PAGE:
NIDDK Diabetes Research Cited
Century of Insulin Celebrated
In the summer of 1921 at the University of Toronto, after months of failed experiments, Drs. Frederick Banting and Charles Best made a profound discovery. They found that a pancreatic extract from healthy dogs reduced blood glucose in other animals with diabetes. By the following year, that extract was chemically refined and used in human clinical trials to treat people with type 1 diabetes. Called insulin, the extract would change type 1 diabetes from a fatal condition to one that could be managed.
In the 100 years since, tremendous progress has been made in diabetes research and care. By 1936, the glucose tolerance test was developed and two types of diabetes emerged: insulin-sensitive and insulin-insensitive–now known as type 1 and type 2 diabetes, respectively.
From its very beginning in 1950, NIDDK conducted and supported laboratory, clinical and population research to understand diabetes, metabolic, endocrine and related diseases.
“NIDDK has leveraged the discovery of insulin to play a critical role over the last 70 years in advancing diabetes research,” said NIDDK director Dr. Griffin Rodgers, in a video reflecting on insulin’s 100th anniversary.
The reflections were part of a recent virtual symposium commemorating insulin’s discovery.
During symposium opening remarks, NIH director Dr. Francis Collins said, “I look forward to witnessing the next steps that researchers presenting and attending this meeting are going to take along the path first cleared by Banting, Best and their collaborators a century ago. Let’s make the next century of diabetes one where we figure out how to prevent and cure this disease so that it goes into the history books.”
New Approach to Type 1 Diabetes
NIDDK-supported research made an important impact on advancing understanding about type 1 diabetes. The Diabetes Control and Complications Trial (DCCT) started in 1983 to see if people with type 1 diabetes who kept their blood glucose levels as close to normal as could safely be achieved could delay development of diabetes-related complications such as eye, kidney and nerve disease, compared with people who used the conventional treatment at the time of the study.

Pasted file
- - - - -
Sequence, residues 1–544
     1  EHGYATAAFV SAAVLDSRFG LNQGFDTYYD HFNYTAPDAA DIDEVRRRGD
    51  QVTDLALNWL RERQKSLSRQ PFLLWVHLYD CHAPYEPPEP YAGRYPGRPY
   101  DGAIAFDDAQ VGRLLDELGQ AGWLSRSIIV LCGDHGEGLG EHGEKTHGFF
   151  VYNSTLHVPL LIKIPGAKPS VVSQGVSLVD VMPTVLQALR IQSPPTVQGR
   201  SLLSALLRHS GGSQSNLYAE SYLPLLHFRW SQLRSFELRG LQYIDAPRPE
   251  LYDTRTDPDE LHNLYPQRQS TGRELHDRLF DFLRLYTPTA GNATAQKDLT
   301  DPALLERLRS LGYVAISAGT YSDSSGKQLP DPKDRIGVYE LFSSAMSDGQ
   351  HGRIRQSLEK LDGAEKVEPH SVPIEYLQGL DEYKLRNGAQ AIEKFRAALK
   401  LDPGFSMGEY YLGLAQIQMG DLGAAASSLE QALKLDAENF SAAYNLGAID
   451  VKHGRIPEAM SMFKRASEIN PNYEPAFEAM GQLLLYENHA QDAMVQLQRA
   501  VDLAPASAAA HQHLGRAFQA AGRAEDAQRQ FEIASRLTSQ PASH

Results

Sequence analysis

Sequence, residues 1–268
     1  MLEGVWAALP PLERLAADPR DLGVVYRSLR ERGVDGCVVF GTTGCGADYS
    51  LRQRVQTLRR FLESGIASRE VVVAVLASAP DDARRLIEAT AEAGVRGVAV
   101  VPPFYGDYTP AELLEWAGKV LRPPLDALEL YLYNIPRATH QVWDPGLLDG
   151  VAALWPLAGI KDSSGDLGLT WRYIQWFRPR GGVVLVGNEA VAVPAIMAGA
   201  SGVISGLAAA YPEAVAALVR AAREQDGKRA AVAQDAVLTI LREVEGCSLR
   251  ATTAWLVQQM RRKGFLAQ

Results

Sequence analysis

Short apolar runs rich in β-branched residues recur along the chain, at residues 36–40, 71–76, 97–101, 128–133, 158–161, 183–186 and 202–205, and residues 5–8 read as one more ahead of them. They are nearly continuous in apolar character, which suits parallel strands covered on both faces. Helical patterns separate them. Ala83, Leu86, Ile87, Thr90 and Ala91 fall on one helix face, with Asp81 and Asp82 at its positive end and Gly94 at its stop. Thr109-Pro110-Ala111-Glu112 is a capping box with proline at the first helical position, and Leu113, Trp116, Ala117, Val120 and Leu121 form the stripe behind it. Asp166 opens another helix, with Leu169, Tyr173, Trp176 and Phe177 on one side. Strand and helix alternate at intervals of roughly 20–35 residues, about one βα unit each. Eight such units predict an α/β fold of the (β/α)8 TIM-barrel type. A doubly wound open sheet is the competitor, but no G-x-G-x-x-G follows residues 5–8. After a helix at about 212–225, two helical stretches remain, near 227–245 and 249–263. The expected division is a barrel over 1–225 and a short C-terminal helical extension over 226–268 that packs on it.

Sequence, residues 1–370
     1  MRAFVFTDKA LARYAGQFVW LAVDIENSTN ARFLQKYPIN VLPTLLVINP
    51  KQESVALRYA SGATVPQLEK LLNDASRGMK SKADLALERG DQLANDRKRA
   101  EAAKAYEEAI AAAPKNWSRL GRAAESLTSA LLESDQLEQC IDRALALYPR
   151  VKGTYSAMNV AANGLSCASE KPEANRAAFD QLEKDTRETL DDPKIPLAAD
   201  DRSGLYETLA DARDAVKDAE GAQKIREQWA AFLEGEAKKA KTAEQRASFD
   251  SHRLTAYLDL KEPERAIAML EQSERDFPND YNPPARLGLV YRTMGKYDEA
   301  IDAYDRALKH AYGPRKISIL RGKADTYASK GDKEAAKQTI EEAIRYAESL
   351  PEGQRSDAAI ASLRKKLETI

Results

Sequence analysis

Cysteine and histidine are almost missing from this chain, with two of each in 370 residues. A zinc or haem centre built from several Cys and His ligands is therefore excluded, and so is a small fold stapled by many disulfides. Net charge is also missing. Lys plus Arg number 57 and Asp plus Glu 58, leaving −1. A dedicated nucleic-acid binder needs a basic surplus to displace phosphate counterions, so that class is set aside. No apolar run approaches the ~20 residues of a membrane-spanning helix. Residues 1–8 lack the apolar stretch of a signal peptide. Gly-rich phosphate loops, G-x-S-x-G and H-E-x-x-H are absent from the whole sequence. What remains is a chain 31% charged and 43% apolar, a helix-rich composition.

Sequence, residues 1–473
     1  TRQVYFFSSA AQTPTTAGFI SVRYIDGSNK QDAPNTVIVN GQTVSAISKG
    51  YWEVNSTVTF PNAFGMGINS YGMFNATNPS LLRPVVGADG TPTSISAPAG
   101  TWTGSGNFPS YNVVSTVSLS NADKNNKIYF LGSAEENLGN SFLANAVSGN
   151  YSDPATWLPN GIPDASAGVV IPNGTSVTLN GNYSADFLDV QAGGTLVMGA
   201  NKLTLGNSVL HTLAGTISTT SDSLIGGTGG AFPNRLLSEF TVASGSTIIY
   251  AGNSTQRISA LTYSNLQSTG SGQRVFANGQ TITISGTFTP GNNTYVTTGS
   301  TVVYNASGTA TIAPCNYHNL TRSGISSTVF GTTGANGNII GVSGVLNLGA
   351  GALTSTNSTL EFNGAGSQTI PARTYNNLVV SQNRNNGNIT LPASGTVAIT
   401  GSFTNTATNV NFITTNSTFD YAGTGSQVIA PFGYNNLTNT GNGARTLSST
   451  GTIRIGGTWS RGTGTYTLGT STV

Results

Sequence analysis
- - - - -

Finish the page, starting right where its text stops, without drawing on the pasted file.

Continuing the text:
The trial became a landmark success. DCCT ended after 10 years in 1993—a year earlier than planned—when the study showed that participants could significantly lower their chances of developing diabetes-related complications by keeping their blood glucose levels close to normal. Its long-term follow-up study, called the Epidemiology of Diabetes Interventions and Complications (EDIC), has followed DCCT participants since the trial ended and showed that continuing the tight management of blood glucose levels helps people with type 1 diabetes live a normal-length life.
“The DCCT/EDIC findings were paradigm changing and were quickly adopted worldwide and incorporated into the standards of care for people living with diabetes,” said Dr. William Cefalu, director of NIDDK’s Division of Diabetes, Endocrinology and Metabolic Diseases (DEM). “This NIDDK-supported research favorably changed the way we view the management of diabetes forever.”
Much of NIDDK’s type 1 diabetes research funding comes from the Special Statutory Funding Program for Type 1 Diabetes Research, or Special Diabetes Program (SDP). This appropriation approved by Congress has provided more than $3 billion over 24 years to support innovative trials and research networks for the prevention, treatment and cure of type 1 diabetes.
SDP has supported the development of cutting-edge technologies that have made daily management of diabetes easier, such as the continuous glucose monitor (CGM). In the last few years, artificial pancreas technology has eased the management burden. The devices automatically monitor and regulate blood glucose using a CGM and insulin pump programmed with dosing algorithms tailored to the user. Through decades of NIDDK-supported clinical testing and trials, multiple artificial pancreas devices have been approved by the FDA.
Breaking Through on Type 2 Diabetes
NIDDK’s role in type 2 diabetes research had an earlier start. By the 1960s, the institute began the first long-term population study among American Indians to understand causes and risk factors for type 2 diabetes and its complications. One of the first collaborations of its kind, the study was conducted in partnership with the Gila River Indian Community, the Indian Health Service and other academic partners.